It is widely believed that the Tatzelwurm is actually some kind of rare salamander with characteristics resembling a Gila Monster, most notably the preferred habitat of underground burrows in mountainous areas. This could also explain the reports of poisonous fumes as the Gila Monster is extremely venomous and one of the worlds only venomous lizards, though it is not native to the region. The description of the Tatzelwurm even fits that of a Gila Monster even if it is some what of a loose fit. Another theory is that this creature could be some kind of giant skink, although skinks are also not native to the Alps.

The Tatzelwurm is said to have normal hibernation periods; sleeping during the winter in crevices on mountainsides (this is the reason for the name “Stollenwurm”) or they will even sometimes sleep in hay in a hay loft. In the following two centuries, many reports were received about a strange monster lurking in the Alps and attacking the livestock of farmers in remote villages.

There are many other tales of the legend of the Tatzelwurm. The first tale is that of a young girl who was working on a Swiss farm. While chopping down bean poles she accidentally disturbed the burrow of a Tatzelwurm and was attacked. The Tatzelwurm in this account was described as being of a gray coloration and about the size of a common domesticated cat with a fleshy hairless body and possessing only two front legs. According to the story the Tatzelwurm glared at the girl and she ran away describing big bright eyes to intense to meet.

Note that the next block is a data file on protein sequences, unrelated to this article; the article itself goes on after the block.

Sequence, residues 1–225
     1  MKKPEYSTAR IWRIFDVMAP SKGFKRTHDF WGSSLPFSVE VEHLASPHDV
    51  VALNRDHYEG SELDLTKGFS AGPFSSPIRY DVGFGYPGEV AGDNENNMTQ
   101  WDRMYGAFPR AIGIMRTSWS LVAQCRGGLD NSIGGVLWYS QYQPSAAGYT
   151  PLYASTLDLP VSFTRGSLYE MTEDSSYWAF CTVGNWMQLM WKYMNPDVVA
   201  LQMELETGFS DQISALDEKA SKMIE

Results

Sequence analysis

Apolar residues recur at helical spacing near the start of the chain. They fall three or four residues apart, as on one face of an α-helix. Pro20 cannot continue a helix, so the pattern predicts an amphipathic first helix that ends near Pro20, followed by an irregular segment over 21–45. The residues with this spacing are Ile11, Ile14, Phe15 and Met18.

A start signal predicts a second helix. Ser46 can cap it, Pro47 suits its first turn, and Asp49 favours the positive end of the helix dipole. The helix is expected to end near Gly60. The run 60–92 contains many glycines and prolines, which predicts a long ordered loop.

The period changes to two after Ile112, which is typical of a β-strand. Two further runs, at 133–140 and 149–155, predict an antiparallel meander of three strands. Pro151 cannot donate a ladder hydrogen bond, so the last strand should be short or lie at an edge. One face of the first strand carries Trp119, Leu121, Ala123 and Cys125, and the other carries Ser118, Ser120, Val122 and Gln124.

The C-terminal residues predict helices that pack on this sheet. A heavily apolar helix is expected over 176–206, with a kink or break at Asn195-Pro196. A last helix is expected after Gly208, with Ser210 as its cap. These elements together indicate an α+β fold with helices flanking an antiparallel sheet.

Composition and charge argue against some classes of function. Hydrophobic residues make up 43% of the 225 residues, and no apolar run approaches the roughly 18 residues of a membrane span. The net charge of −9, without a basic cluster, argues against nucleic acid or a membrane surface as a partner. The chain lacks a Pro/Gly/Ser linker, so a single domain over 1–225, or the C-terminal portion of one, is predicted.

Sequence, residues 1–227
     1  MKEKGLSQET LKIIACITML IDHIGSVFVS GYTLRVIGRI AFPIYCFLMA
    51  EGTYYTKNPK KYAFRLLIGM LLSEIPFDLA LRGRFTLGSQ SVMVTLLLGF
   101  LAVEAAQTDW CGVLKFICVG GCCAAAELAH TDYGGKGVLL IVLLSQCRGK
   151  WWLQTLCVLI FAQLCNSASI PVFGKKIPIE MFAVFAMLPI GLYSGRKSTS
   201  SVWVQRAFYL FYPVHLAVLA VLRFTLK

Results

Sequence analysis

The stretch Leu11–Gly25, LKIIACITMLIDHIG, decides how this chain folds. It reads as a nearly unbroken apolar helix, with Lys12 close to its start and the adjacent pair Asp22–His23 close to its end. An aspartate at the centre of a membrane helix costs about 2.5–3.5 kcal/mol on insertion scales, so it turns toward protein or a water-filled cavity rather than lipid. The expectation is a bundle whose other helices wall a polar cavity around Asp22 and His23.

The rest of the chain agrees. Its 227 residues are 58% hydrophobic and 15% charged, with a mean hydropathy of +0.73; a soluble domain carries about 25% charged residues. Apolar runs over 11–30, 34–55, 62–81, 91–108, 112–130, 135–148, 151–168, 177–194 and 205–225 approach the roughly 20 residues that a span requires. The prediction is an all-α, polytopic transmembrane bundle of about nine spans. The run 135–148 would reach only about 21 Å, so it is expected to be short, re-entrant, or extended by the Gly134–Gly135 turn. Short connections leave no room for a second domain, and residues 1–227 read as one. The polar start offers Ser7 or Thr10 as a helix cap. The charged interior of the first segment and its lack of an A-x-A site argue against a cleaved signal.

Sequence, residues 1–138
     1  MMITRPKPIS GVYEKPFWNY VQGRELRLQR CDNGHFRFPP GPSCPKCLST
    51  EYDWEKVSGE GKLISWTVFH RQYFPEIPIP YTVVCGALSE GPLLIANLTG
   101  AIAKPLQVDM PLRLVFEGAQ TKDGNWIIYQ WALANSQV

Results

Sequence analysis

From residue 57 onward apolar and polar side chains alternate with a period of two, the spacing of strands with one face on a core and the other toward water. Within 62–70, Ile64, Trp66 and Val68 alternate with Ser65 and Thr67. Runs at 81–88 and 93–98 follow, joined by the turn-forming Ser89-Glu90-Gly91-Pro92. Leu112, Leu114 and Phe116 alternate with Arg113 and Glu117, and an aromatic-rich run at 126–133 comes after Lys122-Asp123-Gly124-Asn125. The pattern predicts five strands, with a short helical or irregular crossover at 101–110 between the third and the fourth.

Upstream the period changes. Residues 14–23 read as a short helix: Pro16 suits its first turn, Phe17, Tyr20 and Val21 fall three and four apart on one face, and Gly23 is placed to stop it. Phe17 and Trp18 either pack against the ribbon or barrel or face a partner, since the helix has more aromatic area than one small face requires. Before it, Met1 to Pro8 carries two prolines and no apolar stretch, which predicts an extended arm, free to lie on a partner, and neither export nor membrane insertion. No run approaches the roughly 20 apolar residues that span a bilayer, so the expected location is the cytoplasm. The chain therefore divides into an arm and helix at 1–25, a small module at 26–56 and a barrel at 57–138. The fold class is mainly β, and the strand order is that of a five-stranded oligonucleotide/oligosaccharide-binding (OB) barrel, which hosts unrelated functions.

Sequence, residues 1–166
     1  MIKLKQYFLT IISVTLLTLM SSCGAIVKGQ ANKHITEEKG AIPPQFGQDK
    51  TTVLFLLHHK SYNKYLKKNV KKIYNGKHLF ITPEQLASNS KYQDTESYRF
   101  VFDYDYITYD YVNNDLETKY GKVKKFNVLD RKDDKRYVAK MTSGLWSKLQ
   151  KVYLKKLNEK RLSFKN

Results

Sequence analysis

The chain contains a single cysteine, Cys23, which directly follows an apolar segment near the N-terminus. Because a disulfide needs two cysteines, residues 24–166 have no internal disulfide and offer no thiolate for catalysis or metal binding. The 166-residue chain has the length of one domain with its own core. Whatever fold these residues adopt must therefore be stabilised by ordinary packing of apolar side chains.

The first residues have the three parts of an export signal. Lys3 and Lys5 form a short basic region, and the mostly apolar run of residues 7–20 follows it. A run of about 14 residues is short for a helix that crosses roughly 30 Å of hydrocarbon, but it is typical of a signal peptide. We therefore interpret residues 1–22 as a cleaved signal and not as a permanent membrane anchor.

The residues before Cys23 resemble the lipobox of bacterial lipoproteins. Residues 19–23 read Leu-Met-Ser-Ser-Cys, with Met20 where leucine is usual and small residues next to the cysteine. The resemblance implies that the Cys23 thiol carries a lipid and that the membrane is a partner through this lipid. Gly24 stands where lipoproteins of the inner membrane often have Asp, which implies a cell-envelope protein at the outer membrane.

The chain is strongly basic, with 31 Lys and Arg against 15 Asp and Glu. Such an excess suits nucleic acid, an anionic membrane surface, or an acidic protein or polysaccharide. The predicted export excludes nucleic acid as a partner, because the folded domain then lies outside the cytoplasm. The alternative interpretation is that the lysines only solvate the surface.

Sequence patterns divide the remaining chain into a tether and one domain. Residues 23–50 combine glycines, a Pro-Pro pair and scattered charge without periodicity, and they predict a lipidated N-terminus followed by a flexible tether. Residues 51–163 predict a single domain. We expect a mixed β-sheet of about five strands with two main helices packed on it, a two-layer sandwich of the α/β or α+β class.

Another story tells that of a man and his son out gathering herbs in the mountains when the man suddenly heard his son scream and seemed to be paralyzed in fear staring at a rock. The man sprinted to his son only to see a ‘gruesome monster’ under the rock near his son which hissed like a snake and had the face of a cat with big bright eyes. The man managed to stab the Tatzelwurm with a sharped stick easily fleshing the flesh. According to the story the ‘green blood’ of the creature sprayed out and burnt the mans leg making his journey home long and painful due to his limp.

In July 1883 or 1884, Kaspar Arnold saw a Tatzelwurm on the Spielberg, near Hochfilzen, Tirol, Austria. He watched it from a mountain restaurant for twenty minutes and was certain it only had two legs.

A two-legged Tatzelwurm leaped 9 feet in the air toward two witnesses near Rauris, Salzburg, Austria, in the summer of 1921. It was gray, about 2–3 feet long, and had a head like a cat.